the Avram Davidson electronic newsletter

Vol. XIX No. 1

8 May 2019

ISSN 1089-764X

Published irregularly by whim and fancy (approximately annually)
for the Avram Davidson Society.
Contents copyright 2019 The Nutmeg Point District Mail and assigned
to individual contributors. All rights reserved.

Henry Wessells, Editor.
Cooper Wessells, Honorary Secretary.

All correspondence to:
Post Office Box 43072, Upper Montclair, NJ 07043-0072

Use this electronym for requests to be added to or dropped from the
mailing list. Back issues are archived at the Avram Davidson Website,

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In October of last year, on a visit to the Lilly Library at Indiana
University in Bloomington, I was able to spend a couple of hours with
boxes from the White Mss., 1932-1969 (LMC 2181), that is to say the papers
of William Anthony Parker White (1911-1968), best known in science fiction
and mystery circles by his pseudonym Anthony Boucher. I knew his name as
a founding editor of the Magazine of Fantasy and Science Fiction, as
the author of several good mystery novels, including Rocket to the Morgue
(1942), which is set in southern California science fiction; and also as
friend and mentor to a young Berkeley writer named Philip K. Dick.

While writing A Conversation larger than the Universe, I had read Jeffrey
Marks’ Anthony Boucher. A Biobibliography (McFarland, 2008), which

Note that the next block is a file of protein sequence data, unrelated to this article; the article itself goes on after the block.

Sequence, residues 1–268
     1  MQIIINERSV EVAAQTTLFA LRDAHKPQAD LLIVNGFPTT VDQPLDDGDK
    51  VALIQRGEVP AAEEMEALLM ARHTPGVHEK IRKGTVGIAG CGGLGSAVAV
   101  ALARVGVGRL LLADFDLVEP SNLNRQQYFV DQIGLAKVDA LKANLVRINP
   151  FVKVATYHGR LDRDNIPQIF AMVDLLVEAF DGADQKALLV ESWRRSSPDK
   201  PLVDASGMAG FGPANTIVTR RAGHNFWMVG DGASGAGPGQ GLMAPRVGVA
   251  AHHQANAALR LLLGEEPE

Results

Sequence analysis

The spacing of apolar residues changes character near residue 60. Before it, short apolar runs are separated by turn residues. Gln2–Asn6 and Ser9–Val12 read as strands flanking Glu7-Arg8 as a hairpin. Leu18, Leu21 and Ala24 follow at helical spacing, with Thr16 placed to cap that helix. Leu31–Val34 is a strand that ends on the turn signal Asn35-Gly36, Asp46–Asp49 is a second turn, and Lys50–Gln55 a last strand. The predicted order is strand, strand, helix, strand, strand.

surveys the many talents of the author, editor, and critic. Marks cites
Avram Davidson’s letter of 4 December 1962 to Boucher when Avram was
named editor of F&SF, and feeling the unreality of his new post: “The
Magazine of Fantasy and Science Fiction should be edited by Anthony
Boucher. In a sense, in many senses, it always will be.”

The papers of Anthony Boucher have been at the Lilly since 1976, and
include some 30,000 items. I was chiefly interested in correspondence with
Philip K. Dick and Avram Davidson. Boucher wrote good letters, and
both Dick and Davidson wrote long and informative letters to him, so
it was a very interesting research visit. I now have copies of all of
Davidson’s letters to Boucher, and one or two will certainly find
their way into the Selected Letters.

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Harlan Ellison, who died 28 June 2019, was a prolific author of short
fiction, editor and anthologist, and writer for television. He began
publishing in the late 1950s, but it was when his short stories began
winning Hugo and Nebula awards during the 1960s onward that he established